This invitation to register specific commitments could help shift responsibilities to the governments that must refine and then adopt it. The best way to give this process focus in the coming months would be for governments, with support and inspiration from civil society, to identify specific and timebound targets they are prepared to commit to and be held accountable for at home and on the global stage. Through these specific commitments, it should become clearer what governments are prepared to achieve both individually and collectively following Rio+20.

Three Demands Campaign: A Model for Stocking the Compendium

The many partners of TAI have been making demands through the “Three Demands Campaign” for open government in sustainable development decision-making. TAI partners have made specific requests that their respective governments come to Rio+20 with commitments in hand, to fulfill the promise of the original Rio Declaration on Environment and Development’s Principle 10. This principle enshrined essential pillars of sustainable development decision-making: access to information, public participation and access to justice. From demanding better freedom of information laws, to requesting stronger systems of public participation in environmental impact assessments, or improving courts with environmental jurisdiction (so-called “green tribunals"), the Three Demands Campaign has put concrete proposals on Principle 10 into the hands of heads of state around the world.

TAI members already have cultivated a number of exciting commitments and initiatives from governments, which will be announced at “Choosing Our Future: Open Government and Sustainable Development,” the premiere governance-oriented event in Rio on June 19.

There are a number of additional steps which must be taken to secure commitments between now and Rio+20:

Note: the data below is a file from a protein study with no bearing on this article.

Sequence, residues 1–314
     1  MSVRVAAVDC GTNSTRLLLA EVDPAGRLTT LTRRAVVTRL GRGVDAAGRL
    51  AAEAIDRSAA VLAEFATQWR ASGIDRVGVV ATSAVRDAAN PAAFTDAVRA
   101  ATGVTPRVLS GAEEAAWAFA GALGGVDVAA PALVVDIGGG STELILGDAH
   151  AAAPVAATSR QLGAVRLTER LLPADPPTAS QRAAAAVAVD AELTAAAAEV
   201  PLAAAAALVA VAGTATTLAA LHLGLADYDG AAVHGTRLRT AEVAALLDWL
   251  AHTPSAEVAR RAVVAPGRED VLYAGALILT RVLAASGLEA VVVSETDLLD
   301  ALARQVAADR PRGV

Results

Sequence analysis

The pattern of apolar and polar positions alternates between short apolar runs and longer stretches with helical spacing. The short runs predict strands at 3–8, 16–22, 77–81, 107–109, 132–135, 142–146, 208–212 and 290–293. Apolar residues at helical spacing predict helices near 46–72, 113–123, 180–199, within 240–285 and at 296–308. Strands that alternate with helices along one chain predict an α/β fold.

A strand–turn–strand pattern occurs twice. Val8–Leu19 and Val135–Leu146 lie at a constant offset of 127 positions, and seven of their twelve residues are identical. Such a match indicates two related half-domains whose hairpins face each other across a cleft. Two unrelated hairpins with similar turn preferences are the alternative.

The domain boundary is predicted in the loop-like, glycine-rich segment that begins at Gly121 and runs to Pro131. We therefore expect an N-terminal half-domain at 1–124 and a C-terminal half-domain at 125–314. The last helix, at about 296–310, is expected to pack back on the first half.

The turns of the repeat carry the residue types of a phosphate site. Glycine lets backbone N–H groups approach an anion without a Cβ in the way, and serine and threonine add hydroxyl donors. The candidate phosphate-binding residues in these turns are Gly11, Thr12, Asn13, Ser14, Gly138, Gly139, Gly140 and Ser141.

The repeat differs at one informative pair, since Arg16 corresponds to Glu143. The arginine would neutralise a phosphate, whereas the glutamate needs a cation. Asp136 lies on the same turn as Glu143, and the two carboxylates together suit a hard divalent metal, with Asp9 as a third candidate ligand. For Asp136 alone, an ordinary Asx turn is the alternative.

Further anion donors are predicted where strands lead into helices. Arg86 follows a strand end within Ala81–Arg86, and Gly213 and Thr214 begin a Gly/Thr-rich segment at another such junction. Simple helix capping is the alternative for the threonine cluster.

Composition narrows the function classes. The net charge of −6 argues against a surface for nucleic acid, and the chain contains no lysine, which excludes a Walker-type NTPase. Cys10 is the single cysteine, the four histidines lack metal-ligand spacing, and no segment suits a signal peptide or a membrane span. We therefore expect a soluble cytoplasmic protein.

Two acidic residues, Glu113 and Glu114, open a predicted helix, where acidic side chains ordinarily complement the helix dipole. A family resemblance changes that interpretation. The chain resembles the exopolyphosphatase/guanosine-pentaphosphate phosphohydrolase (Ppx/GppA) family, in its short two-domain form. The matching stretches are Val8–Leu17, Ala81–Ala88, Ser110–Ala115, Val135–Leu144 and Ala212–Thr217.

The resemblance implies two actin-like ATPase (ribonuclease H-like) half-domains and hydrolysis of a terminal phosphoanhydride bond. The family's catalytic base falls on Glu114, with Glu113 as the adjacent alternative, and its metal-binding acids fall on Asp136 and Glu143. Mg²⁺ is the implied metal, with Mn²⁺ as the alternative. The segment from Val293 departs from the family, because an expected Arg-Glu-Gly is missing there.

• Civil society, the private sector and governments can develop commitments around those issues where there is already a critical mass of buy-in and existing global norms (e.g. the Secretary General’s Sustainable Energy for All or Principle 10), similar to the approach of the Three Demands Campaign.

  • UN Secretariats, other non-UN multilateral bodies, and national governments can signal their willingness to serve as thematic hubs that will house partnerships and commitments around particular themes, goals or targets.

  • Civil society members and governments supportive of the Compendium must make the idea “real,” with concrete proposals for digital interfaces and for realistic “accountability frameworks.” They must do a better job of “selling” the Compendium.

At the moment, much of the Rio+20 process is awash in general statements of principle. Those government, civil society, and private sector actors who wish the process to come up with clear, meaningful outcomes should concentrate their efforts towards identifying specific and time-bound targets, and setting up structures that encourage accountability. Mandating and populating a Compendium of Commitments would send a resounding message that Rio+20 is about implementation, about credibility and about keeping promises.

Note: Jacob Werksman, the former director of WRI’s institutions and governance program, contributed to this piece.